Presentation on theme: "Web Based Integrated Multiple Function Customer Demand and Budget Management System Wei-Jen Lee, Ph.D., PE Director and Professor Energy Systems Research."— Presentation transcript:
Web Based Integrated Multiple Function Customer Demand and Budget Management System Wei-Jen Lee, Ph.D., PE Director and Professor Energy Systems Research Center University of Texas at Arlington August 28, 2008
Introduction Current Billing Structure –Lack of linkage between wholesale and retail markets. Most residential customers receive monthly electric bill at a static rate for the electricity consumed. It is not directly related to the true and time-varying costs of electricity provided during consumers’ actual consumptions.
Energy portion of the electricity bill for San Diego’s residential customer– summer 2000 Introduction previous crises
Electricity Demand and Supply Curves Demand of electricity is very inelastic now The limit supply capacity can cause price spikes (small change in consumption can create large change in price) However, if the customer can respond to the priced signal and adjust his/her energy consumption, supply will be sufficient, and no price spike (new slant demand curve). Load with DR Capability Load without Elasticity Generation cost curves $/MWH Power (MW)
Definition of Demand Response Changes in electric usage by end-use customers from their normal consumption patterns in response to changes in the price of electricity over time, or to incentive payments designed to induce lower electricity use at times of high wholesale market prices or when system reliability is jeopardized. U.S. Department of Energy (DOE)
Benefits of Demand Response Enhancement of effectiveness and efficiencies in utilizing the system’s overall resources both long-term and short-term Prevent market power gaming Fairness to customers No one will ever purchase and use any merchandize without knowing the price first. Why we treat the merchandize of electricity differently
Energy Policy Act (EPAct) 2005 * Section 1252 (a) (14) (A) …each electric utility shall offer each of its customer classes, and provide individual customers upon customer request, a time- based rate schedule under which the rate charged by the electric utility varies during different time periods and reflects the variance, if any, in the utility's costs of generating and purchasing electricity at the wholesale level. The time-based rate schedule shall enable the electric consumer to manage energy use and cost through advanced metering and communications technology... * Passed by both House and Senate and signed into law by the President on August 8, 2005
Energy Policy Act (EPAct) 2005 * Section 1252 (a) (14) (B) The types of time-based rate schedules... (iii) real-time pricing whereby electricity prices are set for a specific time period on an advanced or forward basis, reflecting the utility's cost of generating and/or purchasing electricity at the wholesale level, and may change as often as hourly * Passed by both House and Senate and signed into law by the President on August 8, 2005
Energy Policy Act (EPAct) 2005 * Section 1252 (f) Federal Encouragement of Demand Response Devices –It is the policy of the United States that time-based pricing and other forms of demand response, whereby electricity customers are provided with electricity price signals and the ability to benefit by responding to them, shall be encouraged, the deployment of such technology and devices that enable electricity customers to participate in such pricing and demand response systems shall be facilitated, and unnecessary barriers to demand response participation in energy, capacity and ancillary service markets shall be eliminated.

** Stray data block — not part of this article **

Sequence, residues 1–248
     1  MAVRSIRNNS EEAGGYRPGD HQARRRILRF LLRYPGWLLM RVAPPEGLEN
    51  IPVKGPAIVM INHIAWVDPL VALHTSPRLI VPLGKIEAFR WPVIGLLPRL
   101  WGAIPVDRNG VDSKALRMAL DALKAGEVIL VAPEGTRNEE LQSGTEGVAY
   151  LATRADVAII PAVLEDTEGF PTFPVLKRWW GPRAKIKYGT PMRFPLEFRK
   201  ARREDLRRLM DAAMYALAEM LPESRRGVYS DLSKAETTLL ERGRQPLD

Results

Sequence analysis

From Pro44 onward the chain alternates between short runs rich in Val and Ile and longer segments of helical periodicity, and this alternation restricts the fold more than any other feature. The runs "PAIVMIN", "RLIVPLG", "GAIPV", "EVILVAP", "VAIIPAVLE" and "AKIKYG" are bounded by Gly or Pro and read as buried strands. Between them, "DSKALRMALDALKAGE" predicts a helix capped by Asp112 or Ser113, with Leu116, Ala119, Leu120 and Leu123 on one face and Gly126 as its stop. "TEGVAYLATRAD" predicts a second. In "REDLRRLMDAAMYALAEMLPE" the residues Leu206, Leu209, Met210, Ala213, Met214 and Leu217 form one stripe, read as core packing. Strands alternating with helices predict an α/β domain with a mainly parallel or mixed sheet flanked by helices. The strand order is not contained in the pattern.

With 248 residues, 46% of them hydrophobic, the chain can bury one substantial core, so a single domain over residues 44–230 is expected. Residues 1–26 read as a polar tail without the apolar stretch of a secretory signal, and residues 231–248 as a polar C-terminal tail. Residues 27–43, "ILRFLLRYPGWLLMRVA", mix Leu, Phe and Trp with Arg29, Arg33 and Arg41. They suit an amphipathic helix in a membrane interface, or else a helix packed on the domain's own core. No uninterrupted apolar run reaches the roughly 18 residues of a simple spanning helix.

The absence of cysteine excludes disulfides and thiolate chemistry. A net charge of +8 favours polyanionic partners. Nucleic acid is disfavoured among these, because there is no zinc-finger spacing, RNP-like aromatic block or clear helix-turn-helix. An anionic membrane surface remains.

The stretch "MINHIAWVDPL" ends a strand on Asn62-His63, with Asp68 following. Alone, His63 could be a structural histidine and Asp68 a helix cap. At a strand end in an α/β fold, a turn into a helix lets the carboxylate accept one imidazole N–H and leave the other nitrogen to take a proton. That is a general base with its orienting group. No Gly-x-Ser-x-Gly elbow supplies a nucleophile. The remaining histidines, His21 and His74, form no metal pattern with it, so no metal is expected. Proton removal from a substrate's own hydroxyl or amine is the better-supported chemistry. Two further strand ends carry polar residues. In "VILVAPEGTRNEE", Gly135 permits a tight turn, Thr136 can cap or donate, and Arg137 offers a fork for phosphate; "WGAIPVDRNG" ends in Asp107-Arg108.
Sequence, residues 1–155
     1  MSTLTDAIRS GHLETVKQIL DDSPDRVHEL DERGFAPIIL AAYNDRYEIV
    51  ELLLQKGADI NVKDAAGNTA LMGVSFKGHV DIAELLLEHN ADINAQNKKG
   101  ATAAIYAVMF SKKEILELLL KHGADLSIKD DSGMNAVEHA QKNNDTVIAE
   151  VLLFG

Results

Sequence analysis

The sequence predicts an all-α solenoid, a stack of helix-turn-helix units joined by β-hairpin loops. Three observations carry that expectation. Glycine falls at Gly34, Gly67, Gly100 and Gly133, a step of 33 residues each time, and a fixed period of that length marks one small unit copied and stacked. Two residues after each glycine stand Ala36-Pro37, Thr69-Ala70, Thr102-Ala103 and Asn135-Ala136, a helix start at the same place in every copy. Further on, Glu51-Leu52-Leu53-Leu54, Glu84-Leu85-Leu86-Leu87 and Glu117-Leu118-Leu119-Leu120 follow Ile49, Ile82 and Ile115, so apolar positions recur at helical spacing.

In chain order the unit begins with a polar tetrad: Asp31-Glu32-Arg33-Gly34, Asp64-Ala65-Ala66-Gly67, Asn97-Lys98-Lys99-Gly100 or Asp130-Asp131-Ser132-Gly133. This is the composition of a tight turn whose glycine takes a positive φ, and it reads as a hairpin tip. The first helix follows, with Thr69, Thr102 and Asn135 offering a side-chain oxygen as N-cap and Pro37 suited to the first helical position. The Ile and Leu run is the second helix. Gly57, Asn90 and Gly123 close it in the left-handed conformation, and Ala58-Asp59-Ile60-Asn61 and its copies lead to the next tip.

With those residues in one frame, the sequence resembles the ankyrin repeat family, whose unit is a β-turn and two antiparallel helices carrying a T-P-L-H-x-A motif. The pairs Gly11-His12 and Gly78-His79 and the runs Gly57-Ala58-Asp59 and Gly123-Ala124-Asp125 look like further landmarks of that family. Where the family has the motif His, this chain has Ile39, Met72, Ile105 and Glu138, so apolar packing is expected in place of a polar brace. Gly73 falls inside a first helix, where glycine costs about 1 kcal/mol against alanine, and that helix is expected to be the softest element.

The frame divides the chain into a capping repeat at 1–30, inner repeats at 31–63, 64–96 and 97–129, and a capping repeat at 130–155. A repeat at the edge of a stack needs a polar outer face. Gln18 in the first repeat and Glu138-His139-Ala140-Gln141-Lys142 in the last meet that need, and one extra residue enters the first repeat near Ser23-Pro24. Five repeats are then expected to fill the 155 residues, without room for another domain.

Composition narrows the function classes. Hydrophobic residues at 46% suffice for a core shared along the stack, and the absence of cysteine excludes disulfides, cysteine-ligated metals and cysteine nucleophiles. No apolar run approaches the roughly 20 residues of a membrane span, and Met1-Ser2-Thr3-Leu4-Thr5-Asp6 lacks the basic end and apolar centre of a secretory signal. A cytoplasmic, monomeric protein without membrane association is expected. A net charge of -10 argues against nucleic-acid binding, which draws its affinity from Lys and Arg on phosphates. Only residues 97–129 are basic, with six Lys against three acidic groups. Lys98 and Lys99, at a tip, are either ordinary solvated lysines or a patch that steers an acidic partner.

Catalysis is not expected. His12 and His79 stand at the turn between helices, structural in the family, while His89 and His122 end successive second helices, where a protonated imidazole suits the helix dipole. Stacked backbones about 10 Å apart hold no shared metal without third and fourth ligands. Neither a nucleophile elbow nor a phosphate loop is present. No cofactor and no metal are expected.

Recent Experiences of Selected Demand Response Programs Illinois –In early 2007 Illinois Legislature enacted a bill requiring the major Illinois utilities, including the Ameren Illinois Utilities and Commonwealth Edison (ComEd) to promote the voluntary real-time hourly market-based price of electricity to statewide 4.5 million end-use residential consumers.
Recent Experiences of Selected Demand Response Programs Illinois –Ameren Illinois Utilities contracted the CNT Energy as its program administrator and introduced Power Smart Pricing –ComEd’s contracted the Comverge and introduced Basic Electric Service-Hourly Energy Pricing (BES-H) Day-ahead and real-time prices are posted on the website or obtained by a toll free number. From May 2007, the participants can reduce their electricity bill on an average of 16%.
Barriers in Implementing Demand Response Programs Lack of infrastructures to link wholesale and retail markets: advanced metering and other enabling technologies Utilities’ perspectives: –Reluctant to invest in long-term infrastructures –Revenues based on peak MW and usage MWH of their consumers: Reduce consumers’ demands = lower revenues
Barriers in Implementing Demand Response Programs Consumers’ initiative: –Resist to changes if the program is not simple and requires too much effort –Some peak load consumers, who benefits from the traditional flat rates, maybe reluctant to participate Price caps and some state regulations
Deficiencies of the Current Practice Present schemes are focused more on utility than end-use residential customers –Most demand response programs for residential consumers are largely the time-of-use electricity pricing and direct load control (not real-time pricing) –Direct load control sheds/disconnects load for network security or from generation shortage, not for consumers’ comfort Need infrastructure improvement to allow end- use residential consumers to easily modify their usage according to real time price signals
Motivations and Objectives We need a tool to enable the end-use residential consumers for an effective demand response. The tool should be –Simple and easy to use –Consumer-centered –Effectively balance between the consumers’ comforts and their savings